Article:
"I wanted to make sure we weren't making an 'in on the joke with the audience' presentation. For me, there was no joke. I don't want to be safe as a filmmaker saying, 'I know this is goofy, but let's pretend it isn't.' I never wanted to have that separation for me and the material, or assume that the audience had it. There is no safe place. There's simply just believing — believing that Peter Parker exists and investing wholly into his heart and matters of his soul. And sharing that drama with the audience."

That approach of taking superheroes seriously may seem simple now, but it was somewhat radical at the time and, in the end, would prove to be the secret sauce in this movie's success. It even permeated the casting of Tobey Maguire as Peter Parker. Naturally, the studio considered more traditional leading men for the part, including the likes of Leonardo DiCaprio and Heath Ledger, who would go on to make his mark in comic book movie history several years later as Joker in "The Dark Knight." But Maguire brought a relatable quality to Peter and, dating back to the earliest days of the character's adventures in Marvel Comics, as created by Stan Lee and Steve Ditko, that was incredibly important.

With a supporting cast in play including Kirsten Dunst as Mary Jane Watson, J.K. Simmons as J. Jonah Jameson, and Willem Dafoe as the villain, Green Goblin, the stage was set. At the time, none of this added up to big success on paper but the disparate ingredients with Raimi's vision ended up capturing lighting in a bottle, setting the stage for the next two decades of blockbuster cinema.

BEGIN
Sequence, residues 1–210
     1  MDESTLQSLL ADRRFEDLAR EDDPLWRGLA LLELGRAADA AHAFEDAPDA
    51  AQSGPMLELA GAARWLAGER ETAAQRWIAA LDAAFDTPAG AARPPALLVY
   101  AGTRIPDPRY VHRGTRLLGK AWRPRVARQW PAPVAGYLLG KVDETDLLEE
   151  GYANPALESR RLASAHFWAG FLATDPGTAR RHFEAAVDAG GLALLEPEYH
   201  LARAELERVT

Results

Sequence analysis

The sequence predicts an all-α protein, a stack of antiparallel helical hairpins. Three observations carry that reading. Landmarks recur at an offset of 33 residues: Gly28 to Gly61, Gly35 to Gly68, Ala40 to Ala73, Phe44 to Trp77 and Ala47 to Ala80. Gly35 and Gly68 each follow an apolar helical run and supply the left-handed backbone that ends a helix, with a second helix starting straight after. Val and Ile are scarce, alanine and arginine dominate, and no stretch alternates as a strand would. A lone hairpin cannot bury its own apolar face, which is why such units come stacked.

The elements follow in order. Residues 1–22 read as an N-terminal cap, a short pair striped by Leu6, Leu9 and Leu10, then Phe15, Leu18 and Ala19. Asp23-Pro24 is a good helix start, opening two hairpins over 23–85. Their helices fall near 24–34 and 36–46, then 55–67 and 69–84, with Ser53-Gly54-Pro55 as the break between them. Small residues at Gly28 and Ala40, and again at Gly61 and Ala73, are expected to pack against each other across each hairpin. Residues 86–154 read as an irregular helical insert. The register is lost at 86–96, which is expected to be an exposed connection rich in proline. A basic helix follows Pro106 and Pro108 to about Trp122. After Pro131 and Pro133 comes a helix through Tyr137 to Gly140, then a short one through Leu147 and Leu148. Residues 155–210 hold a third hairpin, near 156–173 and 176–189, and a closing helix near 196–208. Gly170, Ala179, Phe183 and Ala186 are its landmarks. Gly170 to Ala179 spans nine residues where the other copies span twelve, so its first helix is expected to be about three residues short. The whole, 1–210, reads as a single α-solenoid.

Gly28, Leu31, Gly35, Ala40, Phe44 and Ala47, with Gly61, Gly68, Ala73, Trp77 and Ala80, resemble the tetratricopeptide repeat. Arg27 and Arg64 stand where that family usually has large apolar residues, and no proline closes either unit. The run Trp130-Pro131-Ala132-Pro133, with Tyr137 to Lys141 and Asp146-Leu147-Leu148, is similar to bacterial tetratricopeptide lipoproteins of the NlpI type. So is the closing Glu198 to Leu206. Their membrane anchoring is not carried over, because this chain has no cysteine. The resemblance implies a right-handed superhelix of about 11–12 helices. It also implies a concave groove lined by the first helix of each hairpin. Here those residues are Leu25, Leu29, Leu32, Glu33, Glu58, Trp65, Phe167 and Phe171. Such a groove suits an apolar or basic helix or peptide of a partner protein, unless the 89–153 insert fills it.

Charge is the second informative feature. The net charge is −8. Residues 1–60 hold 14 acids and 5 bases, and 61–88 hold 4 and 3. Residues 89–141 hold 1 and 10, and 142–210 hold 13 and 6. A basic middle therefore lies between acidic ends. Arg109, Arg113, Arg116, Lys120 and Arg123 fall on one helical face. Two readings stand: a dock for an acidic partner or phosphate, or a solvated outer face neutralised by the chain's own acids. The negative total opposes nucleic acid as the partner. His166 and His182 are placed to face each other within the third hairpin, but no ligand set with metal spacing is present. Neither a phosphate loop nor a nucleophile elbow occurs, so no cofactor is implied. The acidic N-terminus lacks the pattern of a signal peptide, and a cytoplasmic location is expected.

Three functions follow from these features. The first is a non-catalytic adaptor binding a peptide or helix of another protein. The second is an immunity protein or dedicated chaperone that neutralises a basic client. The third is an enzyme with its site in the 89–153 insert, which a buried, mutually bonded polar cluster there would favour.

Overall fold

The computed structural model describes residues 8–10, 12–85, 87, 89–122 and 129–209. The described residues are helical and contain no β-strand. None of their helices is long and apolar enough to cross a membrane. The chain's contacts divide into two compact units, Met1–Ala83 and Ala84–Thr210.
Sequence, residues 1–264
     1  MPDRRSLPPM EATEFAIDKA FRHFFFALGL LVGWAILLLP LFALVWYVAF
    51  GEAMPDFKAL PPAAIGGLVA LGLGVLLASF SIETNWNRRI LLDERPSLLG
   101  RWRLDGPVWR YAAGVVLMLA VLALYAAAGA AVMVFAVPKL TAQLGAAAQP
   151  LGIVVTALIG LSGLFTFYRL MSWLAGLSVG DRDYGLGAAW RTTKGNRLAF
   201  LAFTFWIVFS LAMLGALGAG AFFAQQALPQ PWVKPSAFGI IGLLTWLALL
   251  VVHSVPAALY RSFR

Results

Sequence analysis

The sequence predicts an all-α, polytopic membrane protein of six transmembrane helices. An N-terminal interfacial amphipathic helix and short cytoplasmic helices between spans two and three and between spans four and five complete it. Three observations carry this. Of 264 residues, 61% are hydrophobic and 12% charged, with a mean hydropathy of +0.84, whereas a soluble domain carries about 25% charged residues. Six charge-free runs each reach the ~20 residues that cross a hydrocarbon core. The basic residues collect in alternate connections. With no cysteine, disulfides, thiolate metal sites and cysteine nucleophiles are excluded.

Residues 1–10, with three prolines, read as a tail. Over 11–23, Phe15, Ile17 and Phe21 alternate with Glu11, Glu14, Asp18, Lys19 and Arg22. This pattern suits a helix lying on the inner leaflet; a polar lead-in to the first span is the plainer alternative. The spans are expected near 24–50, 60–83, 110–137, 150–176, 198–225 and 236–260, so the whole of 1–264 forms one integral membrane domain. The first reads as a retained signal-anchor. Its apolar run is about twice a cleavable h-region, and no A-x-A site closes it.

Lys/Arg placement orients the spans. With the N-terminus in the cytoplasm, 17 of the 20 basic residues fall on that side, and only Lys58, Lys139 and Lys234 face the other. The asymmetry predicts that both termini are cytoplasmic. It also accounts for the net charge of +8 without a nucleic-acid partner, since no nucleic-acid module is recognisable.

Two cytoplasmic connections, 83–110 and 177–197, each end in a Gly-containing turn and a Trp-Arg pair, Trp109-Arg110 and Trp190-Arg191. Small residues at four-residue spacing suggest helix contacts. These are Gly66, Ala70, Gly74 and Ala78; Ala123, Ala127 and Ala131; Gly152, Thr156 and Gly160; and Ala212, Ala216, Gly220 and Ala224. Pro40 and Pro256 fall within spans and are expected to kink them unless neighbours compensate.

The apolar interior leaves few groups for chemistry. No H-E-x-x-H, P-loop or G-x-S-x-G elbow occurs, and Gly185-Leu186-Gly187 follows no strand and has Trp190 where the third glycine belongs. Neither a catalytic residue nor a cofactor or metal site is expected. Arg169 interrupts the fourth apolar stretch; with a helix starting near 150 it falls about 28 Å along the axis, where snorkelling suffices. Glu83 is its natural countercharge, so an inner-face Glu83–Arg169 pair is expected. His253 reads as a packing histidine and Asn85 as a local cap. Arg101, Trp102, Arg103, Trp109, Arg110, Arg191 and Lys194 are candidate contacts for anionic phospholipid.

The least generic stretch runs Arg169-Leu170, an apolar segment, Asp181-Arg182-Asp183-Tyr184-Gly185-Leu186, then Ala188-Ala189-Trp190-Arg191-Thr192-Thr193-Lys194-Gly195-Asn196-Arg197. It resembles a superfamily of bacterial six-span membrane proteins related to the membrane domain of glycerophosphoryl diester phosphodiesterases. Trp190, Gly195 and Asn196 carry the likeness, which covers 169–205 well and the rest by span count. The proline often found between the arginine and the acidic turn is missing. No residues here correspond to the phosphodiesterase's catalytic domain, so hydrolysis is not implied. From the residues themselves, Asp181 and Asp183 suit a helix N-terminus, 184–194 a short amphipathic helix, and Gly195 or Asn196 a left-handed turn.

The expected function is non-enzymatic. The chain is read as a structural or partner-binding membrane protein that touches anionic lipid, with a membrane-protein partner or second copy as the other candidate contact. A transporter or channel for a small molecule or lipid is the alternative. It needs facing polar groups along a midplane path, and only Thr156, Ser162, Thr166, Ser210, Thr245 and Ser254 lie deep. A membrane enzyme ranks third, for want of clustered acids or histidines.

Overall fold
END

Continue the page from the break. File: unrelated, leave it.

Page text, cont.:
The financial journey

"Spider-Man" hit theaters on May 3, 2002, essentially kicking off the summer movie season that year and boy, did it kick things off with a bang. The movie opened with an absolutely massive $114.8 million. It marked the first time in history that any movie had ever crossed $100 million on its opening weekend. While that's a relatively common occurrence these days (at least before the pandemic) it was downright unheard of and unthought of back then. To say that this was shocking at the time would be a dramatic understatement. The movie was a hit right out of the gate in a bigger way than anyone could have possibly imagined.

The film kept finding an audience week after week and finished its domestic run with $403.7 million, to go along with an equally healthy $418 million haul from international markets for a grand total of $821.7 million. Not only was this good for a superhero movie but it became one of the highest-grossing movies of all time at that time. Yes, "Blade" ($131 million) and "X-Men" ($296 million) had done well, this was on another level. If there is an absolute moment of no return for superhero movies as viable blockbuster cinema, this is it. Plain and simple.